THE TRIBUNE / New Delhi, December 21
The landmark law on protection of children from sexual assault and pornography crossed the first big hurdle today as the Parliamentary committee reviewing its provisions cleared the Bill with one major rider. The committee rejected the government’s proposal to treat 16 years as the age of consent and not classify as an offence consensual sexual acts with children aged 16 to 18 years.
Though the Ministry of Child Development, piloting the law, argued for the age of consent saying sexual awareness of children couldn’t be overlooked, the committee said once the law had defined everyone up to 18 years as children, the element of consent should be treated as irrelevant. The ministry’s contention that not having the element of consent would lead to criminalisation of consensual action by 16 to 18-year olds didn’t go down well with the committee which said in its report to the Parliament today, “By having the element of consent, the focus will be on the victim, leading to his or her re-victimisation. Children can’t be exposed to lengthy cross examinations on issues of consent.”
The committee has further asked the government to cover religious institutions like muths, madrasas and monasteries under the law. It accordingly sought amendment to the clause – “Whoever being on the management or staff of an educational institution commits penetrative sexual assault on a child in that institution…would be punished” – to include religious institutions where young boys go to study. The law also covers households, hospitals, schools and juvenile homes.
The parliamentary panel has, however, sought the word “shared household” defined as “a household where the person charged with the offence lives or has at any stage lived in a domestic relationship with the child”. The existing definition is a bit limiting. This clause will protect children from family and is historic considering the 2007 government study which revealed that 53 per cent children had suffered sexual abuse and half of these were at the hands of persons in the position of trust.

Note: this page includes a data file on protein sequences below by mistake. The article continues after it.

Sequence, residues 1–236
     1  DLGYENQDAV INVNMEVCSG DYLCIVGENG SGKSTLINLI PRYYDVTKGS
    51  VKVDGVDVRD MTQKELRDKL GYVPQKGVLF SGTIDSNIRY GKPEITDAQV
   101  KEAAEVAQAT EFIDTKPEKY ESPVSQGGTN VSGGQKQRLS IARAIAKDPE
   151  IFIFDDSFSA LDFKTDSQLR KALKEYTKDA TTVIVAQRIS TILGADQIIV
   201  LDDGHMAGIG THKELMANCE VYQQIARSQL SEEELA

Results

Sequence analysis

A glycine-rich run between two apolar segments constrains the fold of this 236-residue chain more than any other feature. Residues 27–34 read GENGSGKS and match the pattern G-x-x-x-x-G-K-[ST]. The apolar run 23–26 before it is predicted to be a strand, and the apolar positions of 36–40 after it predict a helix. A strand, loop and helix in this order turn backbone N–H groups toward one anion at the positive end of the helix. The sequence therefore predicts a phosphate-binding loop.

The Protection of Children from Sexual Offences Bill 2011 (introduced in the Rajya Sabha on March 23 and referred to the committee) further allows children and anyone from the public to report the offence and its apprehension to the local police or special juvenile police unit. It covers sexual offences against children at the time of communal violence and provides for special courts to deliver justice in a child-friendly environment.
Its landmark features are – definition of sexual assault for the clarity of victims and law enforcers and the presumption that those who committed the offence are accused unless proved otherwise. Though the law has safeguards to prevent false complaints, it ensures that cases don’t fall through for want of evidence which is difficult to collect.
With this law, India seeks to fulfil its commitment to the UN Convention for Rights of the Child that it ratified in December 1992. The law is path-breaking considering 24 per cent rapes in India involve children (11 per cent of these involve those under 14 years). Government data further shows that conviction in rapes fell from 38.7 per cent in 2001 to 30 per cent in 2009; in matters where minors were procured for prostitution, conviction rate fell sharply from 39.1 per cent to 18.9 per cent over the same period.
A STEP FORWARD
Parliamentary Committee rejects government proposal to treat 16 years as the age of consent and not classify as an offence consensual sexual acts with children aged 16 to 18 years